Another medication used in the treatment of John is fluclocacillin, which is a type of antibiotic that is used for treating certain types of chest infections, including pneumonia, bone infections, and skin infections (Jager, 2020). It can be administered as an injection, drinkable liquid, or as a capsule. Some of the important considerations for the administration of the drug include the need for ensuring that the patient is on an empty stomach before taking it. This implies that it needs to be taken around two hours after a meal, or around 30-60 minutes before taking a snack or a meal (NPS Medicinewise, n.d.). The various medications may have some side effects, hence the need to ensure that the patient does not experience serious side effects.

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Anti-Microbial Stewardship

            Since John’s treatment involves the use of an antibiotic (fluclocacillin), it is imperative to demonstrate anti-microbial stewardship. Recent data suggests antimicrobials are highly misused and the problem is widespread in different healthcare settings. Furthermore, studies suggest that the increasing misuse of antimicrobials has significantly contributed to the emergence of certain drug-resistant organisms, which tends to threaten the medical advances achieved during the last few decades (Dyar et al., 2017). As such, it has become increasingly important to use antibiotics while ensuring full adherence to the specifications in terms of aspects as dosage and the duration of using the drugs. The concept of antimicrobial stewardship refers to the various interventions aimed at promoting the optimal and proper use of antimicrobial agents, including aspects such as dosing, drug choice, administration duration, and administration route (Dyar et al., 2017).

As such, it is imperative for all healthcare professionals to be antimicrobials stewards by prescribing them optimally, while at the same time education their colleagues, patients, regarding the proper use of antimicrobial agents. The purpose of the stewardship is to enhance patient outcomes through the effective antimicrobials use, reduction of microbial resistance, while at the same time reducing infection spread especially because of multi-drug resistance organisms (Schuts et al., 2016). Thus, while administering the antibiotic to John, anti-microbial stewardship will be demonstrated, including ensuring the patient gets the right dosage, during the right period, and the appropriate antibiotics are used.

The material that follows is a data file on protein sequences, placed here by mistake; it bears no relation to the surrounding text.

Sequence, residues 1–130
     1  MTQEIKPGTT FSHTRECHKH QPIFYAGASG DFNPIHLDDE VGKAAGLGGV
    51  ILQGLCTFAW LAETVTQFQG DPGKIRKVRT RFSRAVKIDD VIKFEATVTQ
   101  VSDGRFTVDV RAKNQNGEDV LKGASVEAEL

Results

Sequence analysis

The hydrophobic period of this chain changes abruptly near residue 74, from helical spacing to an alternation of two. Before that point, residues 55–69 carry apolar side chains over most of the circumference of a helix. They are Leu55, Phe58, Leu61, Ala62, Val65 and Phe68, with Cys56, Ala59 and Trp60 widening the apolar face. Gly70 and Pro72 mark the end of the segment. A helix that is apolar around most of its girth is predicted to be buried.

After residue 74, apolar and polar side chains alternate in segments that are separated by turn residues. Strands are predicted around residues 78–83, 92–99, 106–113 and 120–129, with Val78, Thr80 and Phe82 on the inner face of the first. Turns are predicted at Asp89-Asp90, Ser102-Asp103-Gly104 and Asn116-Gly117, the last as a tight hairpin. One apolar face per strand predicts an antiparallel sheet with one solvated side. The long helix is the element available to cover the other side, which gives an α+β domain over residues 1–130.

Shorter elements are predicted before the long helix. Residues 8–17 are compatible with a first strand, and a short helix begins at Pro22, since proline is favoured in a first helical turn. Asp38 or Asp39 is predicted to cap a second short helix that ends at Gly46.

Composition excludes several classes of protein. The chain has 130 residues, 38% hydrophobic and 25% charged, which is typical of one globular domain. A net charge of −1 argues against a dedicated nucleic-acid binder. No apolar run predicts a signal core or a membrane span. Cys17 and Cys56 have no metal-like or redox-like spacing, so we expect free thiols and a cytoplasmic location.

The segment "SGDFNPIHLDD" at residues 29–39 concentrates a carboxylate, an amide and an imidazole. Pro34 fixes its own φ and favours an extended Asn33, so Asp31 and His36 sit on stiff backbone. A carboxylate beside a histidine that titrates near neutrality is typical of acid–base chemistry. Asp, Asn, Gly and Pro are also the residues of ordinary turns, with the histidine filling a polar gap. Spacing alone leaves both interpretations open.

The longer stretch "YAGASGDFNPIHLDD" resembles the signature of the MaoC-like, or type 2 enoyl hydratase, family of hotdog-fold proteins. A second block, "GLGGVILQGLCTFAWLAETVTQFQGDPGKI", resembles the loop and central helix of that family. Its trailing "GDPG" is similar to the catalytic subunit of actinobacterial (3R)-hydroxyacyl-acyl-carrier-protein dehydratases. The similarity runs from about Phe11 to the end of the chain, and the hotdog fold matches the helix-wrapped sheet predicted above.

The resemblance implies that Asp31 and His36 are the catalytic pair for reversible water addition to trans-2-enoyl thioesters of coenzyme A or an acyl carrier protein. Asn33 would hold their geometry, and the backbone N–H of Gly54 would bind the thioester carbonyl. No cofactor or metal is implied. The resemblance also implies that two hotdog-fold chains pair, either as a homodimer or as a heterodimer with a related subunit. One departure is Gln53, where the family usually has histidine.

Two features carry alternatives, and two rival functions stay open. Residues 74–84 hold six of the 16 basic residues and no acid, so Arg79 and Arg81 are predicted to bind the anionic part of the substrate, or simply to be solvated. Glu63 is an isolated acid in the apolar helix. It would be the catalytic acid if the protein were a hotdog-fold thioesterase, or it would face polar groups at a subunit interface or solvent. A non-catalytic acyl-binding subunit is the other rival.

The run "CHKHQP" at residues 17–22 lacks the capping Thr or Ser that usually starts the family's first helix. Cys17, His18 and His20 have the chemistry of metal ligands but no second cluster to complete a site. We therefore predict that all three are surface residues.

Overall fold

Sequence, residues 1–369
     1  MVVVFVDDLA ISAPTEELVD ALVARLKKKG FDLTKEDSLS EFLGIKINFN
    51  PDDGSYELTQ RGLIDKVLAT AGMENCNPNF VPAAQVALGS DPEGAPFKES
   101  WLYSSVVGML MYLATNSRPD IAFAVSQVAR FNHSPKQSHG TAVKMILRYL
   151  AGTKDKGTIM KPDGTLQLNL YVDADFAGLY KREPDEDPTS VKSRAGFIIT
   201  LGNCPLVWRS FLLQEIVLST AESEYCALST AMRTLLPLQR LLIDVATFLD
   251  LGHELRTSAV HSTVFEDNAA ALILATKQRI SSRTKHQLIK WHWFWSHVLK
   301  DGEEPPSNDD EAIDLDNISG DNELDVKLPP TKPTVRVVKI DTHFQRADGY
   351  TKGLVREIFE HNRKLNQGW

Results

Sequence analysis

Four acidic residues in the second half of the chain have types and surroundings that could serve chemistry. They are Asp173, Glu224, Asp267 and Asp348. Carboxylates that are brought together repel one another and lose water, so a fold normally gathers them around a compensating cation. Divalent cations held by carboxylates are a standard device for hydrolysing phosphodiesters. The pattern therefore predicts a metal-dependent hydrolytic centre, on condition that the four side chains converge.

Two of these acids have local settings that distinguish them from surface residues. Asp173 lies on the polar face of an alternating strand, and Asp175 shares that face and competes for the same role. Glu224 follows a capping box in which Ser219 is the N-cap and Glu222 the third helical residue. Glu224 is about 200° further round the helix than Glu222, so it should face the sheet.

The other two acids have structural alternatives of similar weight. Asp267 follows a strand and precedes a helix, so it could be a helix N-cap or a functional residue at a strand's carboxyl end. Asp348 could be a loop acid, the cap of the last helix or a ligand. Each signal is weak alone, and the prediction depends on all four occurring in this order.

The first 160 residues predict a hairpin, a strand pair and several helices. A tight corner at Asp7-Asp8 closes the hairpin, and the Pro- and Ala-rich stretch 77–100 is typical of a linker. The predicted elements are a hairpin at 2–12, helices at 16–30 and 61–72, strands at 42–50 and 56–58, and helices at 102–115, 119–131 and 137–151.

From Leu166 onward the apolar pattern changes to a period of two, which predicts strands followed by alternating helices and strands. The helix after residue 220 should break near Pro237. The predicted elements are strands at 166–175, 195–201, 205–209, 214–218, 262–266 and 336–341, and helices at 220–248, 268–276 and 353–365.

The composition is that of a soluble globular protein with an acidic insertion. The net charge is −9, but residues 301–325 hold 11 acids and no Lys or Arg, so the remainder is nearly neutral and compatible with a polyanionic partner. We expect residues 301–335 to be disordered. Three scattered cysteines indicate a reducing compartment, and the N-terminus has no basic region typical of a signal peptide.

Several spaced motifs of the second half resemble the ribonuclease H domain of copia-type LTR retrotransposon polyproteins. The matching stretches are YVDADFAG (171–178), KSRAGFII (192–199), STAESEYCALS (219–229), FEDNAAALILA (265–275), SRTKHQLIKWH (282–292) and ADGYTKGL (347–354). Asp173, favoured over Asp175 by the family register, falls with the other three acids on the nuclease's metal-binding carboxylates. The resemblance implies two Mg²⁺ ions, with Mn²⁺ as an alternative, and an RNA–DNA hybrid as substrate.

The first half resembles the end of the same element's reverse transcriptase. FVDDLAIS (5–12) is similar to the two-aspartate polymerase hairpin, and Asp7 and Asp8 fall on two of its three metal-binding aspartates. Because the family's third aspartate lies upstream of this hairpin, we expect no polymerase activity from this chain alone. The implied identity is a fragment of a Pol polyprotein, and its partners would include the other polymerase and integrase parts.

Quality Use of Medicines

            While administering the medications, it is imperative for nursing professionals to respect the various patient rights. These rights will be applied when administering the four medications to the patient. One of these rights to safe medication is the administering the medicine to the safe patient. This involves asking the patient his first and his last names to ensure that is the right one for the medication. Furthermore, it is also imperative to ascertain that the order matches the patient, which would involve comparing the medication with the symptoms that the patient is presenting. Additionally, it is also imperative to check whether one is administering the right medication (Hikaka et al., 2021). For instance, after ordering the medication to administer from the pharmacy, it is imperative to ensure that it is the correct one. One of the elements to lookout for is the label, where one has to ensure that it matches the order. Another consideration is to ensure that the medicine are not different and only look or sound like the intended medicine (Holloway et al., 2020).